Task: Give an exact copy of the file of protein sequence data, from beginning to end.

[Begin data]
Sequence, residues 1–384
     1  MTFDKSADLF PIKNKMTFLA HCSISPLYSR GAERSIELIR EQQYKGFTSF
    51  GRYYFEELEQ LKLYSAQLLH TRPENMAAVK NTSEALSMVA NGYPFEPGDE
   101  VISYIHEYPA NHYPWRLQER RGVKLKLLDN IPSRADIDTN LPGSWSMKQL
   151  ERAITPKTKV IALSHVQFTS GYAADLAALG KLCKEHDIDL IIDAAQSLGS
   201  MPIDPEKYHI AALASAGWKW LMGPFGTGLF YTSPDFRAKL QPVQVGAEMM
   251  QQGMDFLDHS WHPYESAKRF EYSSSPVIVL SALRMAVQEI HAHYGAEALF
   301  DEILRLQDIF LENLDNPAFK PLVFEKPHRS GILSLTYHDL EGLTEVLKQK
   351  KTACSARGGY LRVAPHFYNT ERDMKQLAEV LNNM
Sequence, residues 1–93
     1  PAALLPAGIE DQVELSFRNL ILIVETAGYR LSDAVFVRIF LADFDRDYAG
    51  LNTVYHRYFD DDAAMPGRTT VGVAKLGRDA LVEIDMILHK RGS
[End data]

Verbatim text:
Sequence, residues 1–384
     1  MTFDKSADLF PIKNKMTFLA HCSISPLYSR GAERSIELIR EQQYKGFTSF
    51  GRYYFEELEQ LKLYSAQLLH TRPENMAAVK NTSEALSMVA NGYPFEPGDE
   101  VISYIHEYPA NHYPWRLQER RGVKLKLLDN IPSRADIDTN LPGSWSMKQL
   151  ERAITPKTKV IALSHVQFTS GYAADLAALG KLCKEHDIDL IIDAAQSLGS
   201  MPIDPEKYHI AALASAGWKW LMGPFGTGLF YTSPDFRAKL QPVQVGAEMM
   251  QQGMDFLDHS WHPYESAKRF EYSSSPVIVL SALRMAVQEI HAHYGAEALF
   301  DEILRLQDIF LENLDNPAFK PLVFEKPHRS GILSLTYHDL EGLTEVLKQK
   351  KTACSARGGY LRVAPHFYNT ERDMKQLAEV LNNM
Sequence, residues 1–93
     1  PAALLPAGIE DQVELSFRNL ILIVETAGYR LSDAVFVRIF LADFDRDYAG
    51  LNTVYHRYFD DDAAMPGRTT VGVAKLGRDA LVEIDMILHK RGS